But the real conflicts between quantum mechanics and relativity run even deeper than a space of 10^-73 m.

Classical and Quantum Theories

General relativity is what’s known as a classical field theory, which describes the universe as a continuous distribution of numbers – exact numbers, if you had the tools precise enough to measure them – that can tell you all about the curvature of spacetime everywhere and everywhen. The curvature, in turn, is described completely and exactly by the distribution and motion of mass and energy. As John Wheeler famously put it:

Mass tells space-time how to curve, and space-time tells mass how to move.

But quantum theories are totally different. In quantum theories, particles interact by sending particles between them. Electricity, for instance, sends photons between charged particles, the strong force uses gluons, and the weak force uses the W and Z bosons.

We don’t even need to dive into a black hole to see the conflict between classical and quantum theories. Consider the famous “double-slit experiment.” This involves shooting a beam of electrons (or photons, or any other particles) through a screen with two small slits etched out. Because of quantum uncertainty, there is no way to figure out which slit a particular electron travels through: An electron literally travels through both slits at once. This, in and of itself, is kind of nuts, but in the context of gravity, it gets even stranger. If the electron goes through one slit it presumably creates a very slightly different gravitational field than if it goes through the other.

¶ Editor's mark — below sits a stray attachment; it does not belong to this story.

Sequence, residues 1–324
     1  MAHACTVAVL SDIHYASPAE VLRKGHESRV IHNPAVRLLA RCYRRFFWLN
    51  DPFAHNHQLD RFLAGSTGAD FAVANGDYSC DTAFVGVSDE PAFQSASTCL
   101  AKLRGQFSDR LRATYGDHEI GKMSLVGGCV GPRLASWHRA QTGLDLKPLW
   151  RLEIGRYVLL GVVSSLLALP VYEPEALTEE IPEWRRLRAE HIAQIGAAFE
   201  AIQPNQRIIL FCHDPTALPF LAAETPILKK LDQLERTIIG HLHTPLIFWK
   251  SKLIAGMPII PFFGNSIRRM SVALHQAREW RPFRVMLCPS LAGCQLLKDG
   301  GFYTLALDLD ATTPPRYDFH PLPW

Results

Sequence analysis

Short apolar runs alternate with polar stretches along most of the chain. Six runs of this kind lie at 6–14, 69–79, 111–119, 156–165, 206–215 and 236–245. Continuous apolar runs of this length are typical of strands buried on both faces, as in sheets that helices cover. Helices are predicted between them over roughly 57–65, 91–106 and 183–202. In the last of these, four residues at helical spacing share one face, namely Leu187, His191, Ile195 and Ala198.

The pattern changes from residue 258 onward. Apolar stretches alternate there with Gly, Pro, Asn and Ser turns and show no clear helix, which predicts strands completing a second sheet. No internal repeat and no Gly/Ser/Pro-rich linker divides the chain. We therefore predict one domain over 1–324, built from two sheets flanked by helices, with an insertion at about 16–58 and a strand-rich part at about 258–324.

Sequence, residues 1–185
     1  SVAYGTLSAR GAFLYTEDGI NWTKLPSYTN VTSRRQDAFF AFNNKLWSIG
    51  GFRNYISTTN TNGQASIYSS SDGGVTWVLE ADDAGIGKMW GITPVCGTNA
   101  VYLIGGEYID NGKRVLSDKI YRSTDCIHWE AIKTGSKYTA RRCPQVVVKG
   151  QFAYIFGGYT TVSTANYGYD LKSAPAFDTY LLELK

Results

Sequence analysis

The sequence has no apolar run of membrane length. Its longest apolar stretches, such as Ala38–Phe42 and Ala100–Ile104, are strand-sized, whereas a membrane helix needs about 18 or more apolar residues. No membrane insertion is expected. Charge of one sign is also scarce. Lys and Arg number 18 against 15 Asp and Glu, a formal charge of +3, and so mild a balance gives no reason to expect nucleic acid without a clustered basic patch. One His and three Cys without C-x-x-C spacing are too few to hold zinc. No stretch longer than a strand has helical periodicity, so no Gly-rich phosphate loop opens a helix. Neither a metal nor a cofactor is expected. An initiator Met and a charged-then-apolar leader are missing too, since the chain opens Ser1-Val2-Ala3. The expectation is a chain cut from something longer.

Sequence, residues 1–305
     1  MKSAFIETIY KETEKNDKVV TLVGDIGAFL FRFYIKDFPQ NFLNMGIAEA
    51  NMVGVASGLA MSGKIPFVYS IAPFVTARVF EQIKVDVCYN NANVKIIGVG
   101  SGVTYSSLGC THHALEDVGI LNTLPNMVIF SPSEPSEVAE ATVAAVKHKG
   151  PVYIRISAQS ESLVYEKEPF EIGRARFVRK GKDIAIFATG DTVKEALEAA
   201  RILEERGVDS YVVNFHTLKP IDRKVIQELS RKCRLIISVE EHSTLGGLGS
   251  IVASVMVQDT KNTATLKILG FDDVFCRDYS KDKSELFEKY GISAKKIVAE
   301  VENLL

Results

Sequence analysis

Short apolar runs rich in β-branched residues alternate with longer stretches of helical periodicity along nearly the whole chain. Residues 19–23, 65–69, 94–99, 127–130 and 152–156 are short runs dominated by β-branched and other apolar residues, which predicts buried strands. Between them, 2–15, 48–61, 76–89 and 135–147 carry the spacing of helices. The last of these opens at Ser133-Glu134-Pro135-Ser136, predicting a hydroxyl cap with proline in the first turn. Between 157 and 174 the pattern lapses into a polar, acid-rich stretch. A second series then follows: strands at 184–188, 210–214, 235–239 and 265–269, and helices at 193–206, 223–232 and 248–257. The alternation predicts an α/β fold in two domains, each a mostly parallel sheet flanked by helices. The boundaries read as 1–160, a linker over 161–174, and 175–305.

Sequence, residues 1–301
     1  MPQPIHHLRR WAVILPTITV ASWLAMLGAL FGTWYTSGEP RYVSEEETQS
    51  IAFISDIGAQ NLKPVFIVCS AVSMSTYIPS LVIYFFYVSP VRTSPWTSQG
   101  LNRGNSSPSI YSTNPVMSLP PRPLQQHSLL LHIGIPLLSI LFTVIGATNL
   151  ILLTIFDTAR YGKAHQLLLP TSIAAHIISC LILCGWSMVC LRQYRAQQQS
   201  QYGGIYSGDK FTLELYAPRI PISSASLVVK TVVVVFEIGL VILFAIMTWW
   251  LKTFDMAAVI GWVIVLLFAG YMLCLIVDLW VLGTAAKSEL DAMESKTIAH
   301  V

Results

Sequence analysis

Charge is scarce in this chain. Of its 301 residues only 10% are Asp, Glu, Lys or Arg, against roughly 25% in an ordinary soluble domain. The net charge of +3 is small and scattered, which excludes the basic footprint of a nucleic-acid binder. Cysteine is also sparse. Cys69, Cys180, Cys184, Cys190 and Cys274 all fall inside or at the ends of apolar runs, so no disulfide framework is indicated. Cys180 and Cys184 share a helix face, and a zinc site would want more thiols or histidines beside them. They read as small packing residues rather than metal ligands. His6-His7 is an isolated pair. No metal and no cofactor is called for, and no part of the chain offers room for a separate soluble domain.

How does it know?

It gets even stranger when you realize that according to Wheeler’s delayed choice experiment it’s possible to set up the experiment so that after you’ve already run the experiment, you can retroactively observe the system and force the electron to travel through one slit or another (though you can’t choose which). Crazy, no?

Put another way, the world of gravity is supposed to be entirely deterministic, but quantum mechanics is anything but.

Gravity is Special

There’s an even deeper issue: unlike with, say, electricity which only affects charged particles, gravity seems to affect everything. All forms of mass and energy respond to gravity and create gravitational fields, and unlike with electricity, there aren’t negative masses to cancel out the positive ones.